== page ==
Friday, 10 February 2012

Burgundy - comparing the 2004, 2005 and 2006 vintages

Here are my notes from a rather interesting and enjoyable tasting of wines from a trio of Burgundy vintages - 2004, 2005 and 2006 - presented by Nottingham Wine Circle member Nicola Kidd. Most (if not all) of the wines were sourced from The Wine Society and the prices shown are the prices Nicola paid on release. Somehow, I doubt that you'd be able to get them at such reasonable prices now, even for current vintages!


1.  Crémant de Bourgogne Louis Boillot -NV (£9)
A blend of Pinot and Chardonnay. Apple and orange aromas and flavours. Some noticeable residual sugar places this somewhere between sec and demi-sec, but the richness is countered by cracking acidity. Lovely fizz.

2.  2006 Maconnais Domaine Saint Denis Hubert LaFerriere (£10.50)
A deep-ish colour and an unusual nose, slightly reductive, with hints of orange peel and flowers. I wasn't alone in thinking this was more akin to an Alsace Pinot Blanc or Gris than a Burgundy. It is quite rich and fat, with quite a lot of oak influence and a touch of alcoholic warmth (14.5% abv!). Despite the relatively low acidity, I quite like it, in a new world sort of way.

3.  2006 Bourgogne Chardonnay Coche Bizouard (£10.50)
A fresh, floral, fruity/lemony nose, hinting at good acidity and minerality. The palate also shows some freshness, but is marred by a somewhat woody, bitter, almost tannic finish. OK, but no more.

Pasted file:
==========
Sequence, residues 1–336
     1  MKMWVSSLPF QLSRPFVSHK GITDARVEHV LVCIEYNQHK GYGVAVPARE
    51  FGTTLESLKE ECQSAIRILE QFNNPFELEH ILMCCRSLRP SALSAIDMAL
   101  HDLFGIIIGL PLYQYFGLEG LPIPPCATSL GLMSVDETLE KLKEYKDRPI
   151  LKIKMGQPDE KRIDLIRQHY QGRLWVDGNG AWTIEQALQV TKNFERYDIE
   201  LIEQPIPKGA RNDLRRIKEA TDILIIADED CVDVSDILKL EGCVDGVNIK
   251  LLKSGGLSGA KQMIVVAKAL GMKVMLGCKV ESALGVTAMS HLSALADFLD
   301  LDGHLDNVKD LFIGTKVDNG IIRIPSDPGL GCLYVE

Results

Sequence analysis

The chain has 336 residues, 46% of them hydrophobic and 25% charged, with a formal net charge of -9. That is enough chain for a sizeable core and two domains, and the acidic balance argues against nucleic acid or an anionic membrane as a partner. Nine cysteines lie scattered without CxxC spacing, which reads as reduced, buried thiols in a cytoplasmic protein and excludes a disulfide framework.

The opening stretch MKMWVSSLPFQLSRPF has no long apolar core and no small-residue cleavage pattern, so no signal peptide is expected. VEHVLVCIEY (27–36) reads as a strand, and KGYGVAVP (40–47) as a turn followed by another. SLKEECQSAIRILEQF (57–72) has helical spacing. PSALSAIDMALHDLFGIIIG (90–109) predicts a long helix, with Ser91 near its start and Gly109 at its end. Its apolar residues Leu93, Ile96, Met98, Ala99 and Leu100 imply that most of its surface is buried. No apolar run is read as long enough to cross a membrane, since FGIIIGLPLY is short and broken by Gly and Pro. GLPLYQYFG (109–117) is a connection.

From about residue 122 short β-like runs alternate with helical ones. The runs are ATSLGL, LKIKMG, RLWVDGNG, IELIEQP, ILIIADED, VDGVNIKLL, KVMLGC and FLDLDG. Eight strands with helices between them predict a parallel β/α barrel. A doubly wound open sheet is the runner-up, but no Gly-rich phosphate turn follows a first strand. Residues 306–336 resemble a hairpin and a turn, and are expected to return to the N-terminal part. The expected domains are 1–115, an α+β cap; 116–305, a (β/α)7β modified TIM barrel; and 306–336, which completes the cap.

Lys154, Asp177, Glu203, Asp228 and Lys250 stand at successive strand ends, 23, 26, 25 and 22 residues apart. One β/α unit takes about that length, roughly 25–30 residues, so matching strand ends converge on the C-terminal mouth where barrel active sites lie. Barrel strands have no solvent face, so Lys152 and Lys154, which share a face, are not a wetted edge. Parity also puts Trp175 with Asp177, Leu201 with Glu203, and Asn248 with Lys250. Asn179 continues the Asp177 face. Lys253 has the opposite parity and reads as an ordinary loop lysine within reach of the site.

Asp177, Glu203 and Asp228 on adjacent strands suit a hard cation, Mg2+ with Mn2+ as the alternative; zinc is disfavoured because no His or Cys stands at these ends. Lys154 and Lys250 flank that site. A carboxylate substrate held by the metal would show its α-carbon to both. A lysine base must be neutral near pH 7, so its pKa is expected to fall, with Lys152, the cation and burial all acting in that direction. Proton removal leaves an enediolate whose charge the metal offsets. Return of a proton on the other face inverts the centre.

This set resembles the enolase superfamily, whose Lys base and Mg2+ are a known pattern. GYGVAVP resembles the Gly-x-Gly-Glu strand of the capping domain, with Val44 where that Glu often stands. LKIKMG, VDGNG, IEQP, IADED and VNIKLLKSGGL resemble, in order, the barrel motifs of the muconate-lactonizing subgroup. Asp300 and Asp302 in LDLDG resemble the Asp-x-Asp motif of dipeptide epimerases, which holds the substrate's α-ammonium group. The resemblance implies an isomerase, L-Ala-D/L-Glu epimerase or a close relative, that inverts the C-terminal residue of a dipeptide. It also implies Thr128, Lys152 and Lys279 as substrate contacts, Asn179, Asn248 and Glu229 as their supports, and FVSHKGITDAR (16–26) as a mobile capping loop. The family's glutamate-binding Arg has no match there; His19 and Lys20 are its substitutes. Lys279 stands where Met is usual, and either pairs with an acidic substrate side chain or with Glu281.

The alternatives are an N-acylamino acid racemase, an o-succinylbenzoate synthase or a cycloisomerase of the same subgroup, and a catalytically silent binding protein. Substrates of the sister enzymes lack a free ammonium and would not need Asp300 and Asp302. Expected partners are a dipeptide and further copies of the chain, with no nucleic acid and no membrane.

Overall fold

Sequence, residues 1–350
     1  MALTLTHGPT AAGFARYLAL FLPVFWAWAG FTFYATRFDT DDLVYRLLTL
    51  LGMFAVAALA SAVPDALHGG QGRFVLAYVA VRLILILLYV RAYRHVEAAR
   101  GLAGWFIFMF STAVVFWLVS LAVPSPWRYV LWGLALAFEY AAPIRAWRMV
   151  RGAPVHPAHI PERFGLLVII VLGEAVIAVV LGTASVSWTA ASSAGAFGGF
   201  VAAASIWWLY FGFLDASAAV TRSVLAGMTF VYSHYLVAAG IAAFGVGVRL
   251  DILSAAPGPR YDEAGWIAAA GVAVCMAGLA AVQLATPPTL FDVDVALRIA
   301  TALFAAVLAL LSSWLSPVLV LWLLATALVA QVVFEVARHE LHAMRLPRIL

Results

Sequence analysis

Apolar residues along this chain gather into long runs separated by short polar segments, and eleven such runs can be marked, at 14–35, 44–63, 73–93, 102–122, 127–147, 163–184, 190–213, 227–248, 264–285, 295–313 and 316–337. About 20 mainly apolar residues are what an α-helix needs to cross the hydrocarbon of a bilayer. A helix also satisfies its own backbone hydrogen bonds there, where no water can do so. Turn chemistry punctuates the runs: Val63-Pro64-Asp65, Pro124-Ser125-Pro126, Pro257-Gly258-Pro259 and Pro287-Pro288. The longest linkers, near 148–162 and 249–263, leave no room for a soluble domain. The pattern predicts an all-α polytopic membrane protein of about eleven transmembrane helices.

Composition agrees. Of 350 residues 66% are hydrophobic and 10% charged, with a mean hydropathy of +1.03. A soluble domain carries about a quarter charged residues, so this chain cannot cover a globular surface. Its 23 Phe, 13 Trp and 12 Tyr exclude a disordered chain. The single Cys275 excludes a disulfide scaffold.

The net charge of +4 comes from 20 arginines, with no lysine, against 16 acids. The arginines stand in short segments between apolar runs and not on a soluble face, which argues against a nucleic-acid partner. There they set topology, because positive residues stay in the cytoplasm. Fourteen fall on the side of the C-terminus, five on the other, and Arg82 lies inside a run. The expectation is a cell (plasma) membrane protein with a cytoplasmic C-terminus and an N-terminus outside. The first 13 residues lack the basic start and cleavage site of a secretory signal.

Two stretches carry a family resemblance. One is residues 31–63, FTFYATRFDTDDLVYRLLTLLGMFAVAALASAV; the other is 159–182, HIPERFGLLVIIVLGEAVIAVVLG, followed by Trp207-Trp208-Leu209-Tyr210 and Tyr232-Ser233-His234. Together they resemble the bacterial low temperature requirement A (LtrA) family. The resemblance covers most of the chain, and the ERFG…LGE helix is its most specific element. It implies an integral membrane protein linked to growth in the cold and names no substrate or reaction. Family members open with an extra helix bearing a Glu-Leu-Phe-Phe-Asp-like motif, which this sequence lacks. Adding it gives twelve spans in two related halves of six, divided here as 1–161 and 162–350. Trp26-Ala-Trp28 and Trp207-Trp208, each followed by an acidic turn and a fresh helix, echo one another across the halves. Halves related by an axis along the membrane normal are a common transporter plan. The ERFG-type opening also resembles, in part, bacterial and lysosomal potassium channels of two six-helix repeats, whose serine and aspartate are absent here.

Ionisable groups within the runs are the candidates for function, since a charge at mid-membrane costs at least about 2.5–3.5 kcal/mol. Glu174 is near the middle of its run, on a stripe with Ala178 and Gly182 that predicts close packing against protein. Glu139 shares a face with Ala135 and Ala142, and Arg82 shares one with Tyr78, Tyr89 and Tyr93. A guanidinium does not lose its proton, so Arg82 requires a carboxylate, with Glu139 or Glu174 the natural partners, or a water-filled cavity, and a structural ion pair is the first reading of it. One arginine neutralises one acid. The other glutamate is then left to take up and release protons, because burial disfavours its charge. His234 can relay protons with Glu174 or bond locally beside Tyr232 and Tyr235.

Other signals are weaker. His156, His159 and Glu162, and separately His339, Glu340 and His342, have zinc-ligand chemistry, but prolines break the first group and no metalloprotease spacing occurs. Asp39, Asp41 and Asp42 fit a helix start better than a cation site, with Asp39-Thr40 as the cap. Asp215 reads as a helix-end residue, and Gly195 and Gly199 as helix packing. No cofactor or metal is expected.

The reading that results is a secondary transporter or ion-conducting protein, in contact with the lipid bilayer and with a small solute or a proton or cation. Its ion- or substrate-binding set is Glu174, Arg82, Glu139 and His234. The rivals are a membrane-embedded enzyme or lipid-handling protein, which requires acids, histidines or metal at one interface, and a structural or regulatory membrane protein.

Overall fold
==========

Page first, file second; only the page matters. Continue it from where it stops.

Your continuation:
4.  2006 Beaune Maison Champy (£12.50)
Flowers (notably orange blossom and honeysuckle) on the nose. It could almost pass as a classy Viognier, but that is probably as much down to the barrel fermentation as the fruit. The palate has some nice lemon and lime flavours, quite rich, but with good acidity. It is perhaps a touch formulaic, but a nice drop.

5.  2005 St Aubin Premier Cru Murgers Dents de Chien, Henri Proudhon (£15.50)
This is a huge step up in quality - instantly complex and classy on the nose, with orange blossom and mineral aromas, a touch of struck match and some toasted oak. This really is "proper" Burgundy, with fruit, minerality, elegance and complexity in droves. Long and very lovely.


6.  2006 Gevrey-Chambertin Domaine Maume (£19)
An abundance of cherry, raspberry and strawberry fruit. Quite floral, too, with soft spice nuances and careful oak. Nicely balanced, although the tannin and acidity is (currently) buried beneath the voluptuous red fruit. Nice hint of spice, too. This strikes me as the ideal introduction to red Burgundy for those who might otherwise be fixated on new world Pinot. Not hugely complex, but rather delicious anyway.

7.  2006 Vosne-Romanée Domaine Jean Grivot (£19)